Tip #19 Buy Separates
While many stores sell you the engagement ring as a whole—with the stone already in the setting—you always have the option to buy each piece separately. Buying separates allows you to choose the stone or stones you want. Then, you can choose the setting you want to set the stone or stones.
This alone is one way to control the cost of the ring. Additionally, it gives you more control over the ring design too.
Tip #20 Choose an Alternative to a Diamond
Diamond engagement rings are traditional, but not a necessity. Rubies, diamonds, sapphires and many other gemstones create just as equally attractive and beautiful engagement rings. If you are considering another gemstone, do your homework on its durability. Diamonds were originally chosen for the hardness and endurance of the stone, along with its brilliance. Since an engagement ring is worn throughout the lifetime of the bride and wife, you want to make sure that you are choosing a stone that will stand the test of time too.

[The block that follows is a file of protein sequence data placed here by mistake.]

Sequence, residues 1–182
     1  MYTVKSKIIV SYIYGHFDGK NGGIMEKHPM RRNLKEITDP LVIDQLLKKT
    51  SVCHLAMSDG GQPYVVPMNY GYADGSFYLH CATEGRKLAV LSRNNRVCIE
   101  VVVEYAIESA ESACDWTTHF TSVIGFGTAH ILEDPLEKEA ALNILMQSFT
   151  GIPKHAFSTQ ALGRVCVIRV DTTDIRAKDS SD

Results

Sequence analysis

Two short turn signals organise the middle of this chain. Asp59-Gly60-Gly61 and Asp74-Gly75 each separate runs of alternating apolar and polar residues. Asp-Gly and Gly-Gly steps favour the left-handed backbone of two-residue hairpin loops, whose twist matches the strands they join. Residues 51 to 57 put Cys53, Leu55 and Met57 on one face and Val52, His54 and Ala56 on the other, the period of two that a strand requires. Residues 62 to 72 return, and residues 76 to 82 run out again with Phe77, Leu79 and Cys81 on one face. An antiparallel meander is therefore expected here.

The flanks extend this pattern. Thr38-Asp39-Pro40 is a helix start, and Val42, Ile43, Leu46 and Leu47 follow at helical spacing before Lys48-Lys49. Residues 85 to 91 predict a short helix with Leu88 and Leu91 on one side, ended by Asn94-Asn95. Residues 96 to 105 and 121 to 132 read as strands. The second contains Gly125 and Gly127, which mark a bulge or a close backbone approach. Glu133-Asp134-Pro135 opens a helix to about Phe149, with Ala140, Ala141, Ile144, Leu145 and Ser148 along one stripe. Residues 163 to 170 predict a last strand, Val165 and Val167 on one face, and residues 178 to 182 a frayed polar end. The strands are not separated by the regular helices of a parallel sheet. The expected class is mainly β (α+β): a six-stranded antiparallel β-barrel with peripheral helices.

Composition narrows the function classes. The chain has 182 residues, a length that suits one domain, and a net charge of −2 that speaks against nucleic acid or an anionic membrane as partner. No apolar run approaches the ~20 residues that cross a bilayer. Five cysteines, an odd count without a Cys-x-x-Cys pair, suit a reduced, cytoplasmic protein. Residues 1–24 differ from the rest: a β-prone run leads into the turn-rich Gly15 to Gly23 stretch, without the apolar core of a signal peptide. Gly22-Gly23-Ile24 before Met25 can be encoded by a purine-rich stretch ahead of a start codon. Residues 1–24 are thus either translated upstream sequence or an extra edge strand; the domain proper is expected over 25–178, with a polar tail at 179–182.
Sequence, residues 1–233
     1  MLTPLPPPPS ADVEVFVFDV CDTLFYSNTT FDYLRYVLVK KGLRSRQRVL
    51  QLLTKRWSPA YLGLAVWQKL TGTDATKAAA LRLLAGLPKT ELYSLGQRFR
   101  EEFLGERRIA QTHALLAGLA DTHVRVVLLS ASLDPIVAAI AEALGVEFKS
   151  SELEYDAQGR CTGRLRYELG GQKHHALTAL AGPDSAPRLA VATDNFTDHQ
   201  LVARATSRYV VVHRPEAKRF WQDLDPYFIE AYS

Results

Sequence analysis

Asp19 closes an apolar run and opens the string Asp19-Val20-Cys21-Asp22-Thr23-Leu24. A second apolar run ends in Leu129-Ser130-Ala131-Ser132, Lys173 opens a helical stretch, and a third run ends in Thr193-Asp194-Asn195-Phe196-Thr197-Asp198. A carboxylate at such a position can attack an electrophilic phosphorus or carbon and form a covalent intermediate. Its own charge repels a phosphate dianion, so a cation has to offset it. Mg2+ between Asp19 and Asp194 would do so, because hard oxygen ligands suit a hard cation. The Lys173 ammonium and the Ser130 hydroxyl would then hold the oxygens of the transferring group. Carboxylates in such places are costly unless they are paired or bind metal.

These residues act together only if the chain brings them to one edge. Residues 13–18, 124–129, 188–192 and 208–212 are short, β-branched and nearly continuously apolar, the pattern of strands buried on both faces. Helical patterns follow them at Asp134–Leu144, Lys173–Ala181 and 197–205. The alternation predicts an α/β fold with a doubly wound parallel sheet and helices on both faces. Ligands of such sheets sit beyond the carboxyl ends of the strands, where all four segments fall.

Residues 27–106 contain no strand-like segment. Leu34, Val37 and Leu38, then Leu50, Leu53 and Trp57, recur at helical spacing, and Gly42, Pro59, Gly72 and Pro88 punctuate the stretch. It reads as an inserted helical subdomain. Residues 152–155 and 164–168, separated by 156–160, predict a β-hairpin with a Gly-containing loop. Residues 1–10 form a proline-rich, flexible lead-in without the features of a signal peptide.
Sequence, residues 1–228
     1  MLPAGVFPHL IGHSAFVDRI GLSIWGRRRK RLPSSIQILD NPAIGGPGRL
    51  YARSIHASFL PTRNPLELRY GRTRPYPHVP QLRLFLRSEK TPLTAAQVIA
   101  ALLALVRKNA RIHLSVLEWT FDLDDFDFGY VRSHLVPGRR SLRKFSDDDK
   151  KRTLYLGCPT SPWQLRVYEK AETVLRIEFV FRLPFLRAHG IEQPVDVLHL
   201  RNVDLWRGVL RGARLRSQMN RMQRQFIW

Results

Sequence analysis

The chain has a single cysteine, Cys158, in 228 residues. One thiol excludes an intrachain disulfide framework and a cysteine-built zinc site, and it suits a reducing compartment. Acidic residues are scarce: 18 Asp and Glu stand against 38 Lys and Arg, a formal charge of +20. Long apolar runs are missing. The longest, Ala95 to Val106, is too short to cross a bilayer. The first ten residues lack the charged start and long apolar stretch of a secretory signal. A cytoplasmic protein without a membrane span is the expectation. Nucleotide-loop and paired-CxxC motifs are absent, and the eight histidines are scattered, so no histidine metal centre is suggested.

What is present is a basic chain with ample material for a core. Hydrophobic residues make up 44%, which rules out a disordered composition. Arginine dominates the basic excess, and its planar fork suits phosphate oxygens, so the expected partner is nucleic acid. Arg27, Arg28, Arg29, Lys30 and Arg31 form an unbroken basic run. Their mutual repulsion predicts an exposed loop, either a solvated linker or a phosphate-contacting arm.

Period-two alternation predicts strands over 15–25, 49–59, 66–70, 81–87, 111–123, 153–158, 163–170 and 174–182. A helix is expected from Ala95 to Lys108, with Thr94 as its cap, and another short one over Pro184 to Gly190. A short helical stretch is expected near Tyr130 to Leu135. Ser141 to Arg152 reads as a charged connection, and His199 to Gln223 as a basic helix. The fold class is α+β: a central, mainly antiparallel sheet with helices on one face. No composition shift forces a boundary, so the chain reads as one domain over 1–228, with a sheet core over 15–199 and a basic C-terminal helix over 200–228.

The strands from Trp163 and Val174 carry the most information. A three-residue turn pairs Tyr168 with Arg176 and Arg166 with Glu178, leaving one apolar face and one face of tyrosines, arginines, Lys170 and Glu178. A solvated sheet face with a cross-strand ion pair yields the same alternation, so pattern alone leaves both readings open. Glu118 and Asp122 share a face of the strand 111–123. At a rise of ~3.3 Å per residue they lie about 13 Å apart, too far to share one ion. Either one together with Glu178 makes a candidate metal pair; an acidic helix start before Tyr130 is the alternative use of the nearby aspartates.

Tip #21 Assess Payment Options
You need to assess the different options you have for paying for the engagement ring. Once you have created your budget, you might find that you have enough to pay cash for the ring. The budget exercise might also leave you with extra cash after paying your expenses, but not enough to pay for the ring with cash.
That’s okay. This means that you either have to save up for the ring, or you have to find an alternate way of financing it. When you are shopping, find out the terms and conditions the individual stores have for financing the ring. You might also want to talk with your bank to see if they offer a loan that is less expensive than financing the ring from the store.
Contrast and compare the different options you have. Choose the one that fits all or the majority of your needs. No matter how you finance or buy the ring, make sure the ring has the four Cs you want and a certificate to certify you are buying what you think you are buying.